In his New York Times blog, Andy Revkin writes about both Japan’s fading passion for whale meat and Japan’s entrenched bureaucratic defense of whaling. He speculates that I’d love to see the Japanese stop eating both whales and tuna. He’s half right.
What’s weird about Japan’s nationalistic policies on whaling and fishing is that they’re out of character with Japan’s status as the most westernized country in Asia. Where else in Asia do people love baseball, listen to jazz, and ride commuter trains to work in Western suits and ties? Yet oddly, considering its embrace of all things Western, Japan stubbornly rejects the one thing that could really save its food culture: a conservation ethic.
I am against whaling because whales remain deeply depleted by whaling, because whales are worth more alive for whale-watching, because it’s horrifically cruel, and because whaling has always involved lying about what kind and how many are being killed (DNA shows that whalers continue to lie about which species are being killed.)
But no, I would not insist that Japanese people stop eating tuna. I would insist they stop demolishing Atlantic bluefin tuna. That’s it.
Pacific bluefin, southern bluefin, yellowfin, bigeye, albacore and skipjack tuna – not to mention lots of other things sold in sushi restaurants – could still be sustainably caught and well managed before they follow Atlantic bluefin into total mismanagement, corruption, and depletion. This is the part Japan insists on not understanding. They, as much as anyone, should be the engine behind conserving Atlantic bluefin because they love to eat it so much.
But Japan’s high-profile resistance to conservation of any marine animals, and their antiquated knee-jerk rejection of bluefin tuna conservation, has set a tone for global fisheries management that is now putting other tuna species on a downward trend. The biggest threat to Japan’s market for tuna and for tuna’s prominence in Japanese food – is Japan.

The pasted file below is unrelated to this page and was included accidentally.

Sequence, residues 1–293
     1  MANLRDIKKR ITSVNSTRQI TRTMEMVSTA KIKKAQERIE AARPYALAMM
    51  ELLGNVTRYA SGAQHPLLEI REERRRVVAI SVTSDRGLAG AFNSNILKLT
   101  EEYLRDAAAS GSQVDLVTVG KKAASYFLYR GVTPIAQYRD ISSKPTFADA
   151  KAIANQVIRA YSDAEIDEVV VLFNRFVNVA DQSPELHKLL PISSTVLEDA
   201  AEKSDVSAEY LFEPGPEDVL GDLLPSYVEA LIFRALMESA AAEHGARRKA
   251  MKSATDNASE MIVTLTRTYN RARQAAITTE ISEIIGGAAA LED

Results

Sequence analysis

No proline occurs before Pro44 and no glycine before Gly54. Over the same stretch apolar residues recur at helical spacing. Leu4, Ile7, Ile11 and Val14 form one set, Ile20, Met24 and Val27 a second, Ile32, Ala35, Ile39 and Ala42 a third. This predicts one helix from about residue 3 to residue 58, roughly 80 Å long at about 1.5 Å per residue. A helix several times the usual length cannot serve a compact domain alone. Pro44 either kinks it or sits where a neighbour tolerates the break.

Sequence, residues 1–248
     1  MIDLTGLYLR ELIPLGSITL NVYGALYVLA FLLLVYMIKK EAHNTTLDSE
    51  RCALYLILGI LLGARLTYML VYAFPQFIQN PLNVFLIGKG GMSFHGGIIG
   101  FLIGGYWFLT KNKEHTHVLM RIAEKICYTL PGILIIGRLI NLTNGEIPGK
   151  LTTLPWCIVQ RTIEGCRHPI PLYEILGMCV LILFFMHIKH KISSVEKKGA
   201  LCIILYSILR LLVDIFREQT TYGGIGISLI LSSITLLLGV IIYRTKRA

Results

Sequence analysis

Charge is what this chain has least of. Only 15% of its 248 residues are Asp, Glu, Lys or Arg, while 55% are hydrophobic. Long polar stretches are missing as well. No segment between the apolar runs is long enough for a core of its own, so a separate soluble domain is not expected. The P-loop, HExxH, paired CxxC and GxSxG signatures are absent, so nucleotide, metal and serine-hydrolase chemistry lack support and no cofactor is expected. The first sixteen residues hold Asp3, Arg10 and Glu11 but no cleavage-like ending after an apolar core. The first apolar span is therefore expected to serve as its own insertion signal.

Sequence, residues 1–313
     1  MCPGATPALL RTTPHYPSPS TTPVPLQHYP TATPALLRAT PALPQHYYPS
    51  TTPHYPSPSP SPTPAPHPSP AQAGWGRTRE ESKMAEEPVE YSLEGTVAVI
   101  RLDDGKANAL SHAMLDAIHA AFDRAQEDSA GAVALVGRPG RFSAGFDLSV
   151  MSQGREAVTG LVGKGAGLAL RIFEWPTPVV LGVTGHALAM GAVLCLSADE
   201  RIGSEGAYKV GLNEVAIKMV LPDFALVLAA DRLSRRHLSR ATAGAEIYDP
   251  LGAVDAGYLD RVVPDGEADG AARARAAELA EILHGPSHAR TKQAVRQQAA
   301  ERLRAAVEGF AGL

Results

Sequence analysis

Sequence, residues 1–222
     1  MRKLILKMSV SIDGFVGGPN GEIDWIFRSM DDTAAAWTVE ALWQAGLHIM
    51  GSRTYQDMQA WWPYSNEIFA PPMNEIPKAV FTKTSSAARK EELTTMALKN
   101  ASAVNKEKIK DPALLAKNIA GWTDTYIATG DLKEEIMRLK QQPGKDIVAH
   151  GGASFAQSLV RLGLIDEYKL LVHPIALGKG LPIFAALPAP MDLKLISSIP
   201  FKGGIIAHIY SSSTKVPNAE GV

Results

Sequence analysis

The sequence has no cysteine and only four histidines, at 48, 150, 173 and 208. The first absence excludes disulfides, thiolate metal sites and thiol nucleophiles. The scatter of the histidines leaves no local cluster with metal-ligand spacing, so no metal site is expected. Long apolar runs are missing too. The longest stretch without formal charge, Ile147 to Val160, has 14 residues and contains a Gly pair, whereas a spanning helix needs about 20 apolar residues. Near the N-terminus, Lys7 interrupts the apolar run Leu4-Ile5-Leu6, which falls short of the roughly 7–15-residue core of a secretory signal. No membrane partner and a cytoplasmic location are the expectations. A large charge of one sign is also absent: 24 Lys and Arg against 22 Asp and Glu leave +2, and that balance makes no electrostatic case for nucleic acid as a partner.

For its self-defeating antics on these issues, Japan deserves all the criticism it gets. But because “saving face” is such a big part of the dynamic, some of the criticism, and some of the tactics of conservationists, are counter-productive. For selfish reasons of national pride, a new generation of Japanese needs to grow and internalize a conservation ethic from within. Helping that happen may include well-nuanced criticism from outside, but a more constructive and friendly dialogue with forward thinking younger people coming of age in Japan is critically needed. (On that last point the same is true-in spades – with regard to markets for wildlife in China.)
One final point. I’ve heard a lot about Americans and other foreigners attacking Japan’s food culture. That’s nonsense. I know of not one single conservation organization that is “against” sushi. Most of us love it, actually, though I’m very selective in what sushi I order. But I’d like to point out that I grew up on a coast – Long Island, New York – with no sushi restaurants and a lot of tuna. We caught so many bluefin tuna that I sometimes gave a couple away at the dock. I gave a lot of bluefin steaks to friends. And we used to have big tuna barbecues and sashimi parties at my house.
Then the buyers from Japan showed up at the docks, and the gold-rush lasted only a few years before the depletion was so drastic that we no longer bother to fish for tuna. The fishing is usually terrible. And it’s too sad.
So we used to have no sushi restaurants and plenty of tuna to catch, and now we have a lot of sushi restaurants and essentially no tuna. Japan took most of the tuna out of our ocean, flew them across North America and across the Pacific, and ate them. As far as whose culture has hurt whose, ours took the biggest hit, by far.